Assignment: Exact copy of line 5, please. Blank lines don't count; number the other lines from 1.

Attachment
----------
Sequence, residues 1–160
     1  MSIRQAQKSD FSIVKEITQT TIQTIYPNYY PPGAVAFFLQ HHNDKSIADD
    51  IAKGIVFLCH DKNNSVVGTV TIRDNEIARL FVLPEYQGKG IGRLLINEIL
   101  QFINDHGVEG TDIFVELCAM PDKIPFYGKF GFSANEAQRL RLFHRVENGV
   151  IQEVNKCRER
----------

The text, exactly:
   151  IQEVNKCRER